We are all over the map right now. Today the tankless water heater AND the Mantis fireplace insert were installed. Actually, finally, completely installed and in operation! Well, the fireplace isn’t much in operation because it’s summer, but it could be. We had to check a whole bunch of things off our list before that could happen. It took a while to get it all done, but we did it! Since the old water heater is inside our house and the new one will be attached to an outside wall, Matt had to reroute some plumbing underneath the house. Then we had the county inspector come by to check out the new water piping along with the gas piping put in by our heating contractor a while back. Everything passed with flying colors.
We also passed the city “cover inspection” for the new electrical circuits, but I learned of a couple of things I have to do before the final inspection: add a whole new circuit for the washing machine (thought I could get away with it since the circuit it’s on has almost nothing else) and replace ALL my receptacles (AKA outlets, or "holes" according to Slippery Pete) with tamper resistant ones. Seattle adopted this code change right after I started doing electrical work in our house. My previous permit was subject to the old code, but my current permit is subject to the new code. Go figure.
Meanwhile, the inspector only looked at the panel for a brief moment. I guess she found the rest of my work so stellar (aside from that tamper resistant outlet oversight) that she trusted it would be good, and a quick look was sufficient to confirm? Well, I gotta show it to someone besides Matt. I spent a lot of time working on the electrical wiring and whatnot. I have a total of 7 new circuits in effect, and I hope to have replaced virtually all of the wiring in the house by next year.
Over the weekend, we also did the following random things:
- Matt assembled our new Manstad sofa which we ordered and had delivered because they didn’t have it in stock when we were at the store the previous weekend. This required us to rearrange our entire living room, something we’d been planning to do for a very long time. We are extremely pleased with the new arrangement. Photos coming soon.
- I finished setting the tile around the window in the shower. The window has been there for something like 10 months with a sheet of plastic covering most of the wall because I kept
procrastinating finding more important things to do. Now all I have to do is grout and caulk. I will tell you all about it later. With photos.
- Tried unsuccessfully to make a final decision on a paint color for the outside of our house. In fact, today I went in the opposite direction and purchased three new paint samples to consider in addition to the ones already on the house:
They’re just not doing it for me. Here are a few pics I snapped around the neighborhood for inspiration:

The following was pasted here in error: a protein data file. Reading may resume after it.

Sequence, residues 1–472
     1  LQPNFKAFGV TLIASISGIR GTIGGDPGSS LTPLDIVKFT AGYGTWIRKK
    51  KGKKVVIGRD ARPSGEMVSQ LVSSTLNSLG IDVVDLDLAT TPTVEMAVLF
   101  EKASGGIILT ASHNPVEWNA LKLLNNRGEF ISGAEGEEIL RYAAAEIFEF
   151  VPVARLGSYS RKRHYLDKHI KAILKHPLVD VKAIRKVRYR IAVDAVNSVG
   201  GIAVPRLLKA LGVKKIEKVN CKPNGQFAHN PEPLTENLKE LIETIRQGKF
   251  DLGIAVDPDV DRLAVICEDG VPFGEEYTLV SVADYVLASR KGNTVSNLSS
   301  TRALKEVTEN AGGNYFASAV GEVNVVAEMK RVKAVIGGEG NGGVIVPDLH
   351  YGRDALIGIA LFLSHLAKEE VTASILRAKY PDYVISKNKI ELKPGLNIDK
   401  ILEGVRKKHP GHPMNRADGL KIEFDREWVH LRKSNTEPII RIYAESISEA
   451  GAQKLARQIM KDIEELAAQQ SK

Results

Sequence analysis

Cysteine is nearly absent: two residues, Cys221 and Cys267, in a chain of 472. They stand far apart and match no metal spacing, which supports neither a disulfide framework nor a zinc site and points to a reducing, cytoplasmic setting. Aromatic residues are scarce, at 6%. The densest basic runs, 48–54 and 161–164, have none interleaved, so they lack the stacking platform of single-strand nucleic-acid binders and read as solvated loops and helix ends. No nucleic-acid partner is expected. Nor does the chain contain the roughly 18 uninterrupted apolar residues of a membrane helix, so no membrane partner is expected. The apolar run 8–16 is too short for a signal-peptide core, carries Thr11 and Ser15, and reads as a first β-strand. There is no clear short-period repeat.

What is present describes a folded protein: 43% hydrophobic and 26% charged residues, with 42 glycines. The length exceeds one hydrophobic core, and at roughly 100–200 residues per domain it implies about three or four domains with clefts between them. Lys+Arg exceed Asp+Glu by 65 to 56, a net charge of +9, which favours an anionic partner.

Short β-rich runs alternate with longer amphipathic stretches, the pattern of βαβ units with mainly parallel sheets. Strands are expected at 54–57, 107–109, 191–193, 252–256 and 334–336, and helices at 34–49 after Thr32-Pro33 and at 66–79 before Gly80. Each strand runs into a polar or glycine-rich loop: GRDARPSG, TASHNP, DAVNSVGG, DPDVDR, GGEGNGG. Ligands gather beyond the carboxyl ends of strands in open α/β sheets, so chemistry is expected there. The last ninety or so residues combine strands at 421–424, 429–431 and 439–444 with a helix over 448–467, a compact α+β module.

Maybe one of the new samples will be the one. If we can get our house painted soon, we will be ready for fall/winter!
We have been very busy lately, so much that I don’t have time to write about everything. So I’m just going to throw some photos at you, and you can make some educated guesses about what we’ve been up to. OK, I will give you some clues: soffits, entertaining 4 dogs, plumbing, drywall mudding.
I made this from the arms of a Snuggie and an old tennis ball:
It ain’t pretty, but it was well received (at first)
… and quickly forgotten
We also did this:
And in the end, it looked almost the same as before, but with slightly better walls and all new copper plumbing under the sink instead of corroded galvanized steel.
And with daily walks, trips to the dog park, and lots of playing in the yard, the dogs were content to hang out in our mini-construction zone.
Ah, for the life of a dog. While they lounged in the shade, Matt worked long hours in the garage and under the house. I made a few trips into the attic to run some wiring for our future back porch light and to make sure other wires were properly secured. Whew!
Last weekend, Matt did some plumbing. And because he had some trouble getting the solder to take (it can be difficult on an existing plumbing system because any moisture you don’t get rid of first can either keep the copper from heating properly, or can turn to steam and make pinholes in the solder connection), he had to redo it twice. To help alleviate the moisture problem, he put some balled-up bread in the pipes. It’s supposed to keep an water from getting to the part you’re soldering, and then break up / dissolve and be flushed out when you’re done. You’re really supposed to use plain white bread, but we don’t have that, so he used some whole grain type bread, which doesn’t work as well. White bread dissolves easily because it is basically just refined flour and water. When the soldering was finished, Matt flushed out the system as well as he could.
A few days later, clumps of bread that had apparently been stuck worked their way free and clogged the filter on the kitchen faucet. So Matt unscrewed the part containing the filter, rinsed it off, and flushed any remaining bread bits out of the hose. A small rubber washer went unnoticed as it fell, but it was pretty obvious when he reconnected the hose to the spout that something was missing - it was leaking like a sieve. I checked the manual for the faucet (I keep all manuals and related info filed away for just such an occasion) and sure enough, there was supposed to be a rubber washer (part C in the diagram).